Now the Canadian story ... The imports here were all horned and there is more of a preference for polled here than in the UK. This was one of the motivations for the Luing breed to incorporate the Snowlander strain of cattle into the Luing breed. The Snowlander cattle originated from a Shorthorn bull bought in Wyoming in the 1920s who might have been homozygous polled bred onto Highland cattle. By the late 1970s the Snowlander population was 75% polled so the Luing Association inspected and selected a good proportion of the females (all polled I believe) to be grandfathered into the Luing breed as grade 75% animals. Breeders have continued to select against horns and today we are around 95% polled.

Bob Church spent quite a bit of time pursuing homozygous polled genetics. A son of my old 223U foundation cow - Red 134D had several calf crops on the ground before a horned calf appeared. In the interim thinking that the bull might be Homo Bob had bred him back to some daughters trying to "fix" this homo trait if it in fact existed in 134D. The RedTop bull you used as well as Achayella his 3/4 brother were the results of that project. Both have bred more horns than their sire did. Bob with his understanding of genetics gave up on the project at this point - 134D was very, very close to being homo but it only takes one horned calf to disprove that! As Bob explained to me polling in Luings is complicated - first there are 2 sets of horned genes - Highland and Shorthorn and the complication is that the Highland horn gene does not fit the pattern of other European horn genes. He said they have something he calls a "double recessive" whereby the horn gene can skip a generation so something that is apparently polled turns out calves that aren't. He also told me the Highland shares these anomalies with one of the big horned African breeds and possibly the Texas Longhorn if I'm remembering correctly.
I just googled this piece tonight - something I wasn't aware of - European horn genetics and the African horn gene.

https://projects.ncsu.edu/cals/an_sci/extension/animal/news/aug96/aug96-3.html

An extract says "Cattle producers should also keep in mind that a proven homozygous bull will produce some horned calves if he is bred to horned or polled cows that carry the African horn gene."

I'm not saying the Highland carries the African gene and Bob has never mentioned this to me but there certainly is something odd about the horn genes originating from the Highland cattle. Knowing Bob's experience with his Luings and his knowledge of genetics I'm quite skeptical when people turn up with what they claim to be homozygous polled Luings.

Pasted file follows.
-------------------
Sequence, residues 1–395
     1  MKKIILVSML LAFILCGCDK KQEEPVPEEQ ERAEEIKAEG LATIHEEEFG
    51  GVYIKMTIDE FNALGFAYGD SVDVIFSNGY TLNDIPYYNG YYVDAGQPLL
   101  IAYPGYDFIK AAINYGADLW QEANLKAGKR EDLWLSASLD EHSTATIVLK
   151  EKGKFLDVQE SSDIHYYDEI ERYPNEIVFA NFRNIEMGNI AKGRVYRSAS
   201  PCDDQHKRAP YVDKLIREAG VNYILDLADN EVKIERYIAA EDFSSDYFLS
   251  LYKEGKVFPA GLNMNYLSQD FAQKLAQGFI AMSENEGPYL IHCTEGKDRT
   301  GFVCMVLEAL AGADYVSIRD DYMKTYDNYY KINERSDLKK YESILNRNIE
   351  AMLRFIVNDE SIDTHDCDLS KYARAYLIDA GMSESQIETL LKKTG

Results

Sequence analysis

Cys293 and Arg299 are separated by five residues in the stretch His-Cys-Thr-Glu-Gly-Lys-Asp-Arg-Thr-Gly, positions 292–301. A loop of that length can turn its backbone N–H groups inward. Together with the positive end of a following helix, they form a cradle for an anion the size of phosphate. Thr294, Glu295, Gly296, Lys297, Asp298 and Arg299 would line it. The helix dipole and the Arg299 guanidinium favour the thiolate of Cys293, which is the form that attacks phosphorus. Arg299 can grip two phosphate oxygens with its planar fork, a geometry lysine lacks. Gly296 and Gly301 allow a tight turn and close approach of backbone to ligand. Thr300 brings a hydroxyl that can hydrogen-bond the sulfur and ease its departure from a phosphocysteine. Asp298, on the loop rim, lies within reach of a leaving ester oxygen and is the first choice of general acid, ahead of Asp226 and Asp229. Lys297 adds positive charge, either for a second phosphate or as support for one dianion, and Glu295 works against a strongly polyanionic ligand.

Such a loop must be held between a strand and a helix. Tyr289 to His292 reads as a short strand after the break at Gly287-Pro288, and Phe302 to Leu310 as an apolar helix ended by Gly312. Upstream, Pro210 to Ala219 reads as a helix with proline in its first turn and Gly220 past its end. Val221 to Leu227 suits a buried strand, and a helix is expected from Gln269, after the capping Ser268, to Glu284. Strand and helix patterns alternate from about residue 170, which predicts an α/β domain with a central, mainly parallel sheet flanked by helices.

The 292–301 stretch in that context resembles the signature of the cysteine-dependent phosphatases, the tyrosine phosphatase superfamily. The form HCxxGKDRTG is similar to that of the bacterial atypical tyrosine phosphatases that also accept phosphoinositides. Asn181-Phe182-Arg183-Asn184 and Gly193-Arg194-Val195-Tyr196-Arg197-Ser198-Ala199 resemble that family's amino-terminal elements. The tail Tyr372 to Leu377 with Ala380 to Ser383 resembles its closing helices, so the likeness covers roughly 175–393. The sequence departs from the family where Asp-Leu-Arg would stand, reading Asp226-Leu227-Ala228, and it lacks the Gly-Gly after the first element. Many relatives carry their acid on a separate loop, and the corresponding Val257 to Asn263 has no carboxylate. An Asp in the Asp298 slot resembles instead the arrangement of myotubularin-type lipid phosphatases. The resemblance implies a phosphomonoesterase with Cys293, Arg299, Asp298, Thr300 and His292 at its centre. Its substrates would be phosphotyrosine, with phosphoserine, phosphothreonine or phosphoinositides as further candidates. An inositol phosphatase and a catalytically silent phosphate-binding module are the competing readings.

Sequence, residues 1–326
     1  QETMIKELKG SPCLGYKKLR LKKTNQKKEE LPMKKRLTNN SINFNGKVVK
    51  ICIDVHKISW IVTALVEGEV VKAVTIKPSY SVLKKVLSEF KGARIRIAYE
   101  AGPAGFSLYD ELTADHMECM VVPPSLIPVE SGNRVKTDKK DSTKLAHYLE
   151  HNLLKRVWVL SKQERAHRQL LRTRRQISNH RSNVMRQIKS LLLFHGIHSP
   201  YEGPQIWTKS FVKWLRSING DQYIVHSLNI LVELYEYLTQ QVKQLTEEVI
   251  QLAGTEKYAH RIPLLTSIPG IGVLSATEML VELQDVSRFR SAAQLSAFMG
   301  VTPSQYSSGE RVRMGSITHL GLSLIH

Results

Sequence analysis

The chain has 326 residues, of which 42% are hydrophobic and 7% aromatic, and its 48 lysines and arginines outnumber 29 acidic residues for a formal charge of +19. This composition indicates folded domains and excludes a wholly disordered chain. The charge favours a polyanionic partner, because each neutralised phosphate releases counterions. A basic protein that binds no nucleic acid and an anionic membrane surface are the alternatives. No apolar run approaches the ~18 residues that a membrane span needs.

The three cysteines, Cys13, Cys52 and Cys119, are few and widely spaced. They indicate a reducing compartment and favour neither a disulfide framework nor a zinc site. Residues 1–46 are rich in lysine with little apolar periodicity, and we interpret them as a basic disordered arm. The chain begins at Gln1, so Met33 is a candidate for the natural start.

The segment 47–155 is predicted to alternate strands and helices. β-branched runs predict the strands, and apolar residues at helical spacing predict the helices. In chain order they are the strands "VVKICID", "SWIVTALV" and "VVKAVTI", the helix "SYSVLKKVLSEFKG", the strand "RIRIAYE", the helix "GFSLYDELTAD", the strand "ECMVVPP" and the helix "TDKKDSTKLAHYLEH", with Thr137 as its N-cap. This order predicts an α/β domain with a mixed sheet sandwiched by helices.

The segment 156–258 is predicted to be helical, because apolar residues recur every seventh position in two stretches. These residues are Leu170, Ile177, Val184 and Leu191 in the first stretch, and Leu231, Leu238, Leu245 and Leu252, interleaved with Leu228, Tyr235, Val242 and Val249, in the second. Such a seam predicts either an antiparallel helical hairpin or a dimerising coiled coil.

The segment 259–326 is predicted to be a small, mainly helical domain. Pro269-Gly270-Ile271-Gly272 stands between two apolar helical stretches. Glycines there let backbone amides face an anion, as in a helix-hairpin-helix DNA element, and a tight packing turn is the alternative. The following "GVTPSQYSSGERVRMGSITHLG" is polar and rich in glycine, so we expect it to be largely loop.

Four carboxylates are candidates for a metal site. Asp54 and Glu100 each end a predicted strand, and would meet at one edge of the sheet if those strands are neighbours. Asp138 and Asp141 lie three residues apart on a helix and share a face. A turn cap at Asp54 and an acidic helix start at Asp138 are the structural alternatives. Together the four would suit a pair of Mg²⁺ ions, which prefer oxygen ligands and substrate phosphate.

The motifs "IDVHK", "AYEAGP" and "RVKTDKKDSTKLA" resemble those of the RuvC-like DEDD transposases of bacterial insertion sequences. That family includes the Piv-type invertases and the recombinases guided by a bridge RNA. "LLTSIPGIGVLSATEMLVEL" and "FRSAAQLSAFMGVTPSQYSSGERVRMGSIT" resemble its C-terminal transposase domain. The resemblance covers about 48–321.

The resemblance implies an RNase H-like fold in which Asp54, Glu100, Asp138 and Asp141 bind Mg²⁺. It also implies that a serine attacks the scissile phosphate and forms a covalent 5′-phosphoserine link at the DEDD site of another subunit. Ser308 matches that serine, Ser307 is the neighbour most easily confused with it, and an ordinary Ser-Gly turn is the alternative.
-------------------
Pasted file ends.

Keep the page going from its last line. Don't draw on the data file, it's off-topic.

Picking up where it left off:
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EddieM



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PostSubject: Re: The Near Perfect Cow   Wed Mar 29, 2017 9:03 am

In all of the worthwhile discussions and learning parts of KC there has been the situation of question and answer, lack of understanding that was cleared, a lack of full grasp to need background but most of all it seems there was opposing thoughts that generated the most vitality to spur on to new levels.  We see this again in a breed where somethings were said and some were not and there are unknowns.  So, if anything I typed is true:


What were points in animal breeding that you disagreed on with Larry and did those issues get resolved? How?

What obstacles did you over come in animal breeding to understand the fullness of Larry's thoughts?

What else would you have liked to have asked Larry now?
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MKeeney
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PostSubject: Re: The Near Perfect Cow   Thu Mar 30, 2017 8:29 am



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RobertMac



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PostSubject: Re: The Near Perfect Cow   Thu Mar 30, 2017 5:54 pm

Is Beckton a closed herd?
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MKeeney
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PostSubject: Re: The Near Perfect Cow   Thu Mar 30, 2017 7:58 pm

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EddieM



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PostSubject: Re: The Near Perfect Cow   Fri Mar 31, 2017 9:14 am

EddieM wrote:
In all of the worthwhile discussions and learning parts of KC there has been the situation of question and answer, lack of understanding that was cleared, a lack of full grasp to need background but most of all it seems there was opposing thoughts that generated the most vitality to spur on to new levels.  We see this again in a breed where somethings were said and some were not and there are unknowns.  So, if anything I typed is true: